News / Africa

Ugandan App Lets Citizens Blow Whistle on Local Corruption

Gerald Businge demonstrates the Action for Transparency app, Kampala, July 2, 2014. (Hilary Heuler/VOA)
Gerald Businge demonstrates the Action for Transparency app, Kampala, July 2, 2014. (Hilary Heuler/VOA)

Until recently, spotting corruption in Uganda required intimate knowledge of a public institution’s finances. But now — in theory, at least — you need nothing more than an Internet connection.

Ugandan anti-corruption groups are testing a phone app that citizens can use to check the amount of money the government spends on schools and health clinics, and report when the money is not used for the right things. 

Called "Action for Transparency" (A4T), the app was developed by Ugandan civil society groups to show citizens how much money schools and health centers are allocated, and for what.

When people see signs the money is not being spent for its intended purpose, all they need to do is click on an icon that says “whistle.”

According to Gerald Businge of Uganda Media Development Foundation, which is responsible for managing the app, the technology attempts to drive home the local effects of corruption and get citizens involved, giving anyone in Uganda the opportunity to anonymously blow the whistle when funds go missing. 

“If, for example, the money was for buying medicine, and the medicine is not available, and they know that actually the money came, then they can be able to report that at this health center there is no medicine," said Businge. "They can whistle-blow on any school, on any health center. And then one of our partners, Transparency International, is able to follow up on that report.”

Having the eyes of the public upon them should stop many officials from stealing money, Businge adds, explaining that it will also help catch corruption earlier, making money easier to track.

But corruption is not the only problem with Uganda’s public institutions, he says. Schools and health clinics are also embracing the project because it will show the public how poorly funded they really are.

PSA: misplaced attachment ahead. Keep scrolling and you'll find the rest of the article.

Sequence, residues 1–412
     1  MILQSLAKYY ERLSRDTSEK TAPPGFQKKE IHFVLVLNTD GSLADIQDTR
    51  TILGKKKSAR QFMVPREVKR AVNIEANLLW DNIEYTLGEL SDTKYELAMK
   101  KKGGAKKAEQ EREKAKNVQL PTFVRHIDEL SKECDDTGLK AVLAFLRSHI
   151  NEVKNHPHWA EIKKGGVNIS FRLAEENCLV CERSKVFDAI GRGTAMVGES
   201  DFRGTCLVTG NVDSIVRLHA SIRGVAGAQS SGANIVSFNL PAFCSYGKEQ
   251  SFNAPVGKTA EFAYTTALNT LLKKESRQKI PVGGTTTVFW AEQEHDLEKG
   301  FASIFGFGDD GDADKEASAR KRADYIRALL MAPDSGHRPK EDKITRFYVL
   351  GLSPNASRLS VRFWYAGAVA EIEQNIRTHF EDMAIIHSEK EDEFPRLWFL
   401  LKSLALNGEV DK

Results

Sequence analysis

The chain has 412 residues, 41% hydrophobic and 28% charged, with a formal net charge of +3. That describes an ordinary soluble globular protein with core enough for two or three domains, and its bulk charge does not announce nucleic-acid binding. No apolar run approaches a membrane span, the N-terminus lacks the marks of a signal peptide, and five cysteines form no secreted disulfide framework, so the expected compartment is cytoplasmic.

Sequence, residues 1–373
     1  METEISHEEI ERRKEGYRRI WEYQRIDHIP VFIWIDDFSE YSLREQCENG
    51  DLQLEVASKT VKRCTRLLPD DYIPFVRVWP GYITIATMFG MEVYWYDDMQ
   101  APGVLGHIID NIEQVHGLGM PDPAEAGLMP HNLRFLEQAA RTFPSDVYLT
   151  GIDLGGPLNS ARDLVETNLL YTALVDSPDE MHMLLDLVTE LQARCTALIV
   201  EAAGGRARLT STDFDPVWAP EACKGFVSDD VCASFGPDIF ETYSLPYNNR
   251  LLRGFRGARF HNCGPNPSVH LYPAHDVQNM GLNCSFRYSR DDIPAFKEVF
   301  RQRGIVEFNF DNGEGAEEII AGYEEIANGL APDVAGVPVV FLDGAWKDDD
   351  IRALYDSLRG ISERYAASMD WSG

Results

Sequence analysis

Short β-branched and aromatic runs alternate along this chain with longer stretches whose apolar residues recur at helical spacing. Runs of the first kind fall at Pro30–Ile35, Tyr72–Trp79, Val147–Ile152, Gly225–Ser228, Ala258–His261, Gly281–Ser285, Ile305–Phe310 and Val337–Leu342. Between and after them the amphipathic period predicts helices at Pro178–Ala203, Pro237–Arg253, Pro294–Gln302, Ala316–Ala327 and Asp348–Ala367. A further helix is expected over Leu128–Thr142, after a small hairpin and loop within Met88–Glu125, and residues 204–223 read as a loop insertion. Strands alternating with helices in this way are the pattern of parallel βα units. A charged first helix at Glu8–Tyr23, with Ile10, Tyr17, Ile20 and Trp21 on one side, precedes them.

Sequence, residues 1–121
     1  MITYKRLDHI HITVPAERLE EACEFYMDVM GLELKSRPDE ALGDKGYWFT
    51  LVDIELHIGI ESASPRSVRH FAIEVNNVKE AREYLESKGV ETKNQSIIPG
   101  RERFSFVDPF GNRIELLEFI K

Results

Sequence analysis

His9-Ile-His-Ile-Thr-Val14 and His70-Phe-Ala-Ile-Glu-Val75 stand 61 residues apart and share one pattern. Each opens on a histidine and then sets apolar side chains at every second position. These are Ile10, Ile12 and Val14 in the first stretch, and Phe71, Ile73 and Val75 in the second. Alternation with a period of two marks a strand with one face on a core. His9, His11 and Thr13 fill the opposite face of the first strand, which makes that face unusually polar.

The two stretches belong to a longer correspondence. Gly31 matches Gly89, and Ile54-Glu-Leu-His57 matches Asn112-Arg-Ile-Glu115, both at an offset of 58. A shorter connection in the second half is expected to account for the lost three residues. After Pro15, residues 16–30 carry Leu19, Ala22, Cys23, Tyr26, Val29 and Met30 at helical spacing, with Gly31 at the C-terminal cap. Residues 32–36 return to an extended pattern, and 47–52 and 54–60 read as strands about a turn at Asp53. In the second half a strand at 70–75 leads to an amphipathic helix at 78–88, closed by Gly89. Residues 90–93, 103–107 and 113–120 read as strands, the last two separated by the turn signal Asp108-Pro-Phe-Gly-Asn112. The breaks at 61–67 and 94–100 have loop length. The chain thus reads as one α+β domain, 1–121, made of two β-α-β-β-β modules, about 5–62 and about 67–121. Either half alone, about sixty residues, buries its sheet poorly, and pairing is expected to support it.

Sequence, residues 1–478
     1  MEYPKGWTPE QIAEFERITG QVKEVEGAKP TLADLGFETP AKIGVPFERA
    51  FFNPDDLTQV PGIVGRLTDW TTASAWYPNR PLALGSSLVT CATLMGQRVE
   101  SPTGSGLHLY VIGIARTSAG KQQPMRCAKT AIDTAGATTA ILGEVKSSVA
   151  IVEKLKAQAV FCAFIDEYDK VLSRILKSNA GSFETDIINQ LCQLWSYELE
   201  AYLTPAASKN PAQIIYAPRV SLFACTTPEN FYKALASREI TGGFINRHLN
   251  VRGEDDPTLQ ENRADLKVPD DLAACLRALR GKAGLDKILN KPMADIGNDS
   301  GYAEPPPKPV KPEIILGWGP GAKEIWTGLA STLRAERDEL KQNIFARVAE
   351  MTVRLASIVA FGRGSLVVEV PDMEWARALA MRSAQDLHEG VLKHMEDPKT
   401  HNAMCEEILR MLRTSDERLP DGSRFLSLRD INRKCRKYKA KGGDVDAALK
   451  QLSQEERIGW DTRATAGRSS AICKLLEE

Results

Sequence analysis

“Because there is so much rampant corruption, people think money is being stolen even when it is not being stolen," he said. "They think they will get a chance for people to know how much is allocated to them and how little actually it is.”

Uganda is regularly rocked by corruption scandals at all levels of government, and Transparency International ranks the country as among the most corrupt in East Africa.

For the moment Action for Transparency is only available for institutions in and around Kampala, but Businge says there are plans to eventually expand up-country.

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Comment Sorting
by: Moris from: Uganda
July 03, 2014 10:33 AM
With several civil society organizations leveraging the use of ICT and most importantly by adapting them, we hope to see a transitional change since ICT's help in easing such

by: Ddungu Musa Evand from: New Zealand
July 02, 2014 5:28 PM
The only way to stop Corruption is Leadership change. Dictator Museveni and all his entire corrupt regime must go in order to bring things back to normal
In Response

by: Gerald Businge from: Uganda
July 03, 2014 9:53 AM
True leadership change can rid the country of current corrupt leaders but it is easy for the new leaders to also get corrupt and we keep in that unfortunate cycle. The real weapon we believe is empowering the citizens to know how much is allocated for what in their localities (Action for Transparency is providing disaggregated data that is accessible anytime anywhere), providing them a secure way to whistle blow in case public funds are not being utilised properly and working with different players -authorities and activists to ensure those who steal or misuse public funds are brought to book. Even when the prosecution may be hard, the ability by members of the public to report anomalies based on data of funds allocated and the reality at the school or health center, and the public discussions on these reports will make it hard for officials to steal or misuse public money.

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